Friday

20th Oct 2017

Spanish regions downgraded to 'junk'

  • Catalonia's financing problems are worrying investors ahead of regional elections (Photo: Olinta Lopez Rafel)

Moody's ratings agency on Monday (22 October) downgraded five of Spain's biggest regions to "junk" status.

"Very limited cash reserves" as of September and "significant reliance on short-term credit lines" are Moody's main arguments for slashing Catalonia, Andalucia, Castilla-La Mancha, Extremadura and Murcia to below investment grade, where punters take high default risks when buying bonds.

Thank you for reading EUobserver!

Subscribe now for a 30 day free trial.

  1. €150 per year
  2. or €15 per month
  3. Cancel anytime

EUobserver is an independent, not-for-profit news organization that publishes daily news reports, analysis, and investigations from Brussels and the EU member states. We are an indispensable news source for anyone who wants to know what is going on in the EU.

We are mainly funded by advertising and subscription revenues. As advertising revenues are falling fast, we depend on subscription revenues to support our journalism.

For group, corporate or student subscriptions, please contact us. See also our full Terms of Use.

If you already have an account click here to login.

Catalonia - representing a fifth of Spain's economy - saw its rating cut further into junk territory from Ba1 to Ba3, one month ahead of early elections responding to increased calls for independence.

Moody's warned that the region faces "large debt redemptions" in the coming months, as do Andalucia and Murcia.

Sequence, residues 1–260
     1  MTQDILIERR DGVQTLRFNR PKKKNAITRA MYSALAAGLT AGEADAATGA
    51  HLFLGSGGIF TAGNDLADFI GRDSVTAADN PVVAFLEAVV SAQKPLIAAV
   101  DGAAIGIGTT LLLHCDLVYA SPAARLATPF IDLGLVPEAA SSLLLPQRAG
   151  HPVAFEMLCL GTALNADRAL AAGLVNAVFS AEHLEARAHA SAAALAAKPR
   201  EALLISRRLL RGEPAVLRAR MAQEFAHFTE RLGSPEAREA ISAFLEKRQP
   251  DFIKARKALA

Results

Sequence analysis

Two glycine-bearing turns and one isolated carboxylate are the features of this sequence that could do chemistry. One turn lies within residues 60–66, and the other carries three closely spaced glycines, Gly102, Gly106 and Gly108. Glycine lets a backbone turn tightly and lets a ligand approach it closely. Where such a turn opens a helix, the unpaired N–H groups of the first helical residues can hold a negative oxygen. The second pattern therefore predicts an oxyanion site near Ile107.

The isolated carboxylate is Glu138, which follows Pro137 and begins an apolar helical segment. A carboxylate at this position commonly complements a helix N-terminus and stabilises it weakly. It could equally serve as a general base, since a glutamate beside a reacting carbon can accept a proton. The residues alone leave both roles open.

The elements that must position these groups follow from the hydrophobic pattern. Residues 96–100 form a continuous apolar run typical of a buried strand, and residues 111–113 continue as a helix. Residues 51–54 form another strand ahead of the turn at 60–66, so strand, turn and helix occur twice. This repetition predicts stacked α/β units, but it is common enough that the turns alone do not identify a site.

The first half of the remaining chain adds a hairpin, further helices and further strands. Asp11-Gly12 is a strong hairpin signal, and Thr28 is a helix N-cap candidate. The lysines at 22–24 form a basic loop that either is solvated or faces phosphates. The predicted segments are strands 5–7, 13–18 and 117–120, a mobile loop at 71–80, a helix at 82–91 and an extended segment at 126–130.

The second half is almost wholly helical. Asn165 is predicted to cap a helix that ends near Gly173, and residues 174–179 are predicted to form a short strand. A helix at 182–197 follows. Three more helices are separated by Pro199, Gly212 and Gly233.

The two regions where elections took place on Sunday - Galicia and the Basque Country - saw their rating kept stable, even though another ratings agency, Standard & Poor's last week downgraded Galicia to near-junk level.

The home turf of Prime Minister Mariano Rajoy, where his party scored well on Sunday, Galicia is seen as one of the reasons for Rajoy's hesitation in asking for a eurozone bailout so far.

Moody's regional downgrade comes a week after it kept Spain's overall rating at Baa3, one notch above junk status. But it warned this could go down if Spain does not ask for a rescue package.

A special bond-buying scheme announced by the European Central Bank could be triggered if the Spanish government makes an official bailout request and signs up to deadlines for reforms it has already announced.

Apart from the regional elections taking place in autumn, Rajoy is also hesitating due to conflicting views among EU leaders on when he should ask for help.

France wants him to do it as soon as possible, while Germany and Finland prefer - for domestic reasons - to have the Spanish request come only in November.

The series of downgrades is likely to speed up the process, as investors become increasingly wary of how Spain's financial and economic problems are being dealt with by the eurozone.

A credit line of up to €100 billion has already been set aside by the eurozone bailout fund for Spain's banks. The bank problem has ballooned the country's deficit for this year because the government had to prop up the banks on its own, before receiving EU money.